Consider, too, matching the feel of the role within your company with the interview environment. Talking to a creative? Meet them at a nearby museum café. Taking time to create a comfortable, interesting environment that ties to a candidate’s personality, interests, and role will stand out in a sea of expected conference rooms. However, be sure to offer all candidates applying for a particular role the same experience to eliminate bias in the interview process.

Find authenticity through conversation.

When your interviews are geared toward real, honest responses, you’re closer to identifying candidates who are likely to be successful in their roles. To foster authenticity, position the interview as a conversation. A relaxed environment will help your candidates open up, and you’ll be more likely to get a real experience of their personality and expertise.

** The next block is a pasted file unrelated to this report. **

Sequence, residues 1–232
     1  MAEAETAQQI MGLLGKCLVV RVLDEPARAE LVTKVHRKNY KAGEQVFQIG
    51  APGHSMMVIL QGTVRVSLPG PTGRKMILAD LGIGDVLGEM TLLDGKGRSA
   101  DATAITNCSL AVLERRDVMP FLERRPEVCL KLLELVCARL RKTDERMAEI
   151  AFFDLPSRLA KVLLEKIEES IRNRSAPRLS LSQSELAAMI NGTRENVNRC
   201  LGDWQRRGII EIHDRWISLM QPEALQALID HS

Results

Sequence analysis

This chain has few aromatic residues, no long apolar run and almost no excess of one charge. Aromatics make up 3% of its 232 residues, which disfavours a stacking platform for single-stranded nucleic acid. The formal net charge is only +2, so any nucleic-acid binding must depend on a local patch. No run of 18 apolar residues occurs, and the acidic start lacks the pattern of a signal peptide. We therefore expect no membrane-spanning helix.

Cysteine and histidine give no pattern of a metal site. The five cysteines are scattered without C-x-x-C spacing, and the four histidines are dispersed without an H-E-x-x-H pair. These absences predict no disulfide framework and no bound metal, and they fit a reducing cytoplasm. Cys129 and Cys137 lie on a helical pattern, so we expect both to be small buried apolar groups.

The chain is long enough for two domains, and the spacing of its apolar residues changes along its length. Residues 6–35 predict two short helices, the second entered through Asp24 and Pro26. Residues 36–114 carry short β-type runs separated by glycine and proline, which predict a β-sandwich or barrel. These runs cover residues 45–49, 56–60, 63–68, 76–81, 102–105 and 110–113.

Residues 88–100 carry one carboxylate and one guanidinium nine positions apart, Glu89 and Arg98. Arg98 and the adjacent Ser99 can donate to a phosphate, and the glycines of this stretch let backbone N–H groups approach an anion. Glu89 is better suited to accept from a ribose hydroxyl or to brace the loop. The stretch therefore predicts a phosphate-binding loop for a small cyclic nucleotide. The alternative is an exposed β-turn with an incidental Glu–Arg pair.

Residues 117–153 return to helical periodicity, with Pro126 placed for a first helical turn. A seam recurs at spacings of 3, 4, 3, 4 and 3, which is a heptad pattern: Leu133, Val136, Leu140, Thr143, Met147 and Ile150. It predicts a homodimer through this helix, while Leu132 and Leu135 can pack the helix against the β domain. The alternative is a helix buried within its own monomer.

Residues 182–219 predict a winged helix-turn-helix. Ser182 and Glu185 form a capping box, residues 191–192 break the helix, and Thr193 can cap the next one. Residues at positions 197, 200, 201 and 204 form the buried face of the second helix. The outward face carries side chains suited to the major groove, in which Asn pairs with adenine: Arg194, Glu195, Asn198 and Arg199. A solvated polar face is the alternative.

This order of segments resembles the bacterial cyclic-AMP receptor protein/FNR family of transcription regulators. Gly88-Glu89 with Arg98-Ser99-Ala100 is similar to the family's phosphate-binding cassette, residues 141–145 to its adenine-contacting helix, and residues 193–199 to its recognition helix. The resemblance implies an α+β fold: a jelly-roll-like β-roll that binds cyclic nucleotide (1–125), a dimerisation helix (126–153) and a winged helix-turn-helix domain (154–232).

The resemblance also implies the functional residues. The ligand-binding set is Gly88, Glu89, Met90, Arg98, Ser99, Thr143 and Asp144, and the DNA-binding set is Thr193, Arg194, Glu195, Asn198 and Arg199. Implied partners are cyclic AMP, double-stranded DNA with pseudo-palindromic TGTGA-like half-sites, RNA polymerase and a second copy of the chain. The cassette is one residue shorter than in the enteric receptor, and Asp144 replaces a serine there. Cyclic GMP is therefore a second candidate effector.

Remember, candidates want an authentic experience of you and your company, too—so taking the veil off the typical interview process and seeking to have a conversation focused on getting to know each other is mutually beneficial.

Let’s make a great team.

At GS&F, the work we do for our clients doesn’t happen unless we’ve got a great team on our side. That’s why we keep these unique interview approaches in mind as we work continually to develop and evolve our processes for finding our next great teammate. Because when you’ve got great people, you get great work—and it can’t be ignored.

So take the next step toward building your own incredible team. At GS&F, we bring out the best in each other, and that starts with the interview. Use these quick interview tips the next time you bring in a candidate, and find the people that’ll bring out your best, too.

Want to hear more from GS&F’s HR team? Find additional tips here.